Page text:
Physiological stresses (heat, hemodynamics, genetic mutations, oxidative injury and myocardial ischemia) produce pathological states in which protein damage and misfolded protein structures are a common denominator. The specialized proteins family of antistress proteins—molecular chaperons (HSPs)—are responsible for correct protein folding, dissociating protein aggregates and transport of newly synthesized polypeptides to the target organelles for final packaging, degradation or repair. They are inducible at different cell processes such as cell division, apoptosis, signal transduction, cell differentiation and hormonal stimulation. HSPs are involved in numerous diseases including cardiovascular pathologies, revealing changes of expression and cell localization.
We studied the possible changes in expression level of abundant mitochondrial chaperon Hsp60 and main human cytochrome P450 monooxygenase (2E1 isoform) at dilated cardiomyopathy (DCM) progression at the end stage of heart failure using Western blot analysis. The ischemic and normal humans' hearts were studied as control samples.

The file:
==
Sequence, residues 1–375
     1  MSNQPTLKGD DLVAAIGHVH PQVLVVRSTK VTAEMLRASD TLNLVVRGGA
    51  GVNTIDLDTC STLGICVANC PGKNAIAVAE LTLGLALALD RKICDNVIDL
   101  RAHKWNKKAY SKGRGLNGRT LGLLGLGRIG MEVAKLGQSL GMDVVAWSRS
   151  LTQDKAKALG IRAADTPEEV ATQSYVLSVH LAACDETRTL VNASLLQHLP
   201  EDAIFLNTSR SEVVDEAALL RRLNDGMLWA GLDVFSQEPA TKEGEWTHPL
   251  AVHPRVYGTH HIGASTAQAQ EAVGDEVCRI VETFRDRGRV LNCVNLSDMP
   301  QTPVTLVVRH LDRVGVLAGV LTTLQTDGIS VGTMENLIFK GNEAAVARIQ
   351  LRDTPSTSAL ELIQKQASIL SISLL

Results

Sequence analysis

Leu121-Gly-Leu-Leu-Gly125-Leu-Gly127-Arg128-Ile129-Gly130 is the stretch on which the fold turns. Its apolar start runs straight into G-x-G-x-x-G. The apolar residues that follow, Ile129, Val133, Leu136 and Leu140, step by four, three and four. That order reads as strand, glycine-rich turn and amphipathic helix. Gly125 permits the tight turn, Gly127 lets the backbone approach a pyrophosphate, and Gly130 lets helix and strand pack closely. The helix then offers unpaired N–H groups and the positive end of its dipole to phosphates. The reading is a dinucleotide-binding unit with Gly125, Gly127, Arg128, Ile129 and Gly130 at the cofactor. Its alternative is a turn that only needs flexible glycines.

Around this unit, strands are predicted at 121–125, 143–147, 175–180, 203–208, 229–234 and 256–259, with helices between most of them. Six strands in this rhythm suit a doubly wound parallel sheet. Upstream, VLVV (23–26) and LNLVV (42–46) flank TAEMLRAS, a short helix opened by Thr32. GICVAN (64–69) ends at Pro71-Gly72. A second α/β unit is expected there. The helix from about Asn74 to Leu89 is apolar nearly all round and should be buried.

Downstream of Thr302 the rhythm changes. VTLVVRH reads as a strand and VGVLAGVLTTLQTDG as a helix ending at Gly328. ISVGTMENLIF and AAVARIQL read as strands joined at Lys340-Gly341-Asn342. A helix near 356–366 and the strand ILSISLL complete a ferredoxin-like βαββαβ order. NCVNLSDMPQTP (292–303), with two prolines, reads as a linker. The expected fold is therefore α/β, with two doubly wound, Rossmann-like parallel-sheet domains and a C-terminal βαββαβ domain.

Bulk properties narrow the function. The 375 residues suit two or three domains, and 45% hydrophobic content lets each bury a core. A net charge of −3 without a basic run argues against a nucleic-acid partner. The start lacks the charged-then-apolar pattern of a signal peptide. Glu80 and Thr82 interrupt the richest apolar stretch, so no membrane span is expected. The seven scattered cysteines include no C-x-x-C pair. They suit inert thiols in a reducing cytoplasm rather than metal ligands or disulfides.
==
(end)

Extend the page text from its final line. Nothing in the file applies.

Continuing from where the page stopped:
We observed the decrease of Hsp60 level in cytoplasmic fraction of DCM- and ischemia-affected hearts' left ventricular and significant increase of Hsp60 in mitochondrial fractions of all hearts investigated. At the same time we detected the increase of P450 2E1 expression level in ischemic and dilated hearts' cytoplasmic fractions in comparison with normal myocardium and no detectable changes in microsomal fractions of hearts investigated which could be linked with increased level of oxidative injury for DCM heart muscle.
In addition, all the changes described are accompanied by significant decrease of ATPase activity of myosin purified from DCM-affected heart in comparison with normal and ischemic myocardia as well.
The data obtained allow us to propose a working hypothesis of functional link between antistress (HSPs) and antioxidative (cytochromes) systems at DCM progression.